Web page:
Most Active Stories
D.C. Circuit Court Operates With Four Vacancies
Originally published on Thu April 11, 2013 10:59 am
DAVID GREENE, HOST:
The federal appeals court in Washington, D.C. is second only to the United States Supreme Court in terms of the important cases it decides. But the court, known as the D.C. Circuit, has been limping along with four vacancies. President Obama's first nominee recently withdrew after two Senate filibusters blocked her path. The White House is hoping its other nominee will have an easier ride.
Here's NPR's Carrie Johnson.
CARRIE JOHNSON, BYLINE: Unlike a lot of judicial candidates, Sri Srinivasan has a record that stretches back for decades. He clerked for former Justice Sandra Day O'Connor and went on to argue before the Supreme Court two dozen times, in cases involving gay marriage, religious freedom and corporate rights.
Srinivasan, who's considered a moderate, also made some surprising connections along the way. One of them is Texas Republican Ted Cruz. The new senator has been a thorn in the side of some of his colleagues this year. But Cruz was all smiles at yesterday's Senate Judiciary nomination hearing for Srinivasan.
SENATOR TED CRUZ: I would note that you and I have known each other a long time, that we clerked together on the Fourth Circuit Court of Appeals and we have been friends a long time. So I am hopeful that our friendship will not be seen as a strike against you by some.
SRI SRINIVASAN: Thank you.
JOHNSON: Srinivasan got this reception from Utah Republican Orrin Hatch.
SENATOR ORRIN HATCH: Listen, I'm really impressed with you. I think you're terrific.
SRINIVASAN: Thank you.
HATCH: And as of right now, some of these things bother me but I want to support you.
JOHNSON: So what's the hold-up? The current court has four judges appointed by Republicans and three by Democrats. New York Democrat Charles Schumer says he can explain the delay.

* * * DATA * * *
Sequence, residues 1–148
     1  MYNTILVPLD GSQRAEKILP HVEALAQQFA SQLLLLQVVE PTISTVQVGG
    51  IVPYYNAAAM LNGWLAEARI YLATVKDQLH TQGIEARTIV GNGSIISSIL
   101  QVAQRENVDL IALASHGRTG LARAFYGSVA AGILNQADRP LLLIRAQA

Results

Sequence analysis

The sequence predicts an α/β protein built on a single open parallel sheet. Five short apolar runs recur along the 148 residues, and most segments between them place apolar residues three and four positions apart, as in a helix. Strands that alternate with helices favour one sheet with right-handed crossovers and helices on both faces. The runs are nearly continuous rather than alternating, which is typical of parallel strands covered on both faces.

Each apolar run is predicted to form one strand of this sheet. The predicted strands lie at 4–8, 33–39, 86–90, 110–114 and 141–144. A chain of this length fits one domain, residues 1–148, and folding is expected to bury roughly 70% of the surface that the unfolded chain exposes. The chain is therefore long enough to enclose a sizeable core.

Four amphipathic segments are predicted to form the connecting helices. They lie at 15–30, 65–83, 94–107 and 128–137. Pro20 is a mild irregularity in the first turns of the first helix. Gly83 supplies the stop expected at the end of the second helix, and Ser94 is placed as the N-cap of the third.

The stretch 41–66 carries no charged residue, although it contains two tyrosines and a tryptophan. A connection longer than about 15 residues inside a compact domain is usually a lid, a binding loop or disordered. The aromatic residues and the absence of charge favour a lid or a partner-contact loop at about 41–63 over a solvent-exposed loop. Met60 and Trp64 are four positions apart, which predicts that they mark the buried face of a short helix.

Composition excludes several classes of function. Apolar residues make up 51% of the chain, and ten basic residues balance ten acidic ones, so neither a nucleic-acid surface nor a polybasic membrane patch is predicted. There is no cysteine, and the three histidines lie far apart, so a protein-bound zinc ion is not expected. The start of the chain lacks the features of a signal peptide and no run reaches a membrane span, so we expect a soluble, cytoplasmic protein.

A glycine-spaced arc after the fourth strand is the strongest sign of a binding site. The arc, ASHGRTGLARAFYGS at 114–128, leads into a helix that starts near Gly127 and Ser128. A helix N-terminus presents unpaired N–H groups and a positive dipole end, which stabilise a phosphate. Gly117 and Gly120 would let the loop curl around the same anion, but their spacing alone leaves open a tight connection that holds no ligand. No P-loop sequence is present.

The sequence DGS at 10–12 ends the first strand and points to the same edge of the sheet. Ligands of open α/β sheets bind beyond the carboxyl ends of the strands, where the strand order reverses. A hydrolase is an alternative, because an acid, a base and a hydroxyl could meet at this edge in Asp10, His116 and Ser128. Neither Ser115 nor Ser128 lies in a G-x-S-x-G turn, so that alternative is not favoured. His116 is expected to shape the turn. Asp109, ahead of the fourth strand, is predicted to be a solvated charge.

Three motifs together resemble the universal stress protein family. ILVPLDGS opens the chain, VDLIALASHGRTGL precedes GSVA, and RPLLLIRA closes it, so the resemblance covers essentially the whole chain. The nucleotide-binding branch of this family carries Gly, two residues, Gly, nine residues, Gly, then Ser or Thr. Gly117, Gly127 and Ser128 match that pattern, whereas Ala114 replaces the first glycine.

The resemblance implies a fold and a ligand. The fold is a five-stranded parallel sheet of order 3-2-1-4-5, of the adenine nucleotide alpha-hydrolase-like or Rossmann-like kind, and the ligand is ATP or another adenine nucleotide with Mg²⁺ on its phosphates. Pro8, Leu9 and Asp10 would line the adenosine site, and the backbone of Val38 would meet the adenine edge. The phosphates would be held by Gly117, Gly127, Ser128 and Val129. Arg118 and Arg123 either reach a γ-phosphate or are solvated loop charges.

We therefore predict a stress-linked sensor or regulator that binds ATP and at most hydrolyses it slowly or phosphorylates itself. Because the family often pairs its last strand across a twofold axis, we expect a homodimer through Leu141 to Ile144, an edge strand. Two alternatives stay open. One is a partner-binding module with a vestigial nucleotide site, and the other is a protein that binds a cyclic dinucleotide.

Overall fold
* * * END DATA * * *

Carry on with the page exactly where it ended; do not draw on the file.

SENATOR CHARLES SCHUMER: Frankly, I think the hard right wants to use the D.C. Circuit to undo all kinds of government decisions.
JOHNSON: To hear Republicans on the Judiciary Committee tell it, the White House is to blame for moving too slowly to nominate judges for the D.C. Circuit and other federal courts.
Iowa Senator Charles Grassley.
SENATOR CHARLES GRASSLEY REPUBLICAN, IOWA: I would note that we hear a lot about the vacancy rates. There are currently 86 vacancies for federal courts. But of course you never hear the president mention the 62 vacancies that have no nominees that we can't possibly act upon in the United States Senate until they get up here.
SENATOR PATRICK LEAHY: If we're concerned about vacancies...
JOHNSON: Senate Judiciary Chairman Patrick Leahy, a Democrat from Vermont, weighed in. Leahy pointed out that Republicans have been delaying up or down votes on 13 judge candidates who got no opposition in the committee.
LEAHY: We could easily confirm all these non-controversial judges that are on the floor. They've been held up for month after month after month after month after month.
JOHNSON: Most of the hearing turned into a partisan dispute about how busy the D.C. Circuit judges really are. Democrats say the judges are overloaded with complex financial, environmental and national security cases. But Republicans say two of the 11 seats on the court should go to other, busier courts and they introduced legislation yesterday to try to make that happen.
When the talk finally got back around to Srinivasan, who'd be the first South Asian to serve on a federal appeals court, he cracked jokes about plying his twins with candy and toys for sitting through the hearing, and batted away questions from Senator Hatch and others about his long record as an advocate.
SRINIVASAN: I think part of having a judicial temperament is knowing when not to talk, and this may be one of those occasions.
HATCH: Now, are you referring to me or you?
SRINIVASAN: No me, me. Just me.
JOHNSON: Democrats on the committee say if he doesn't get confirmed, the whole process is broken and they'll have to consider changing the Senate rules.
Carrie Johnson NPR News, Washington. Transcript provided by NPR, Copyright NPR.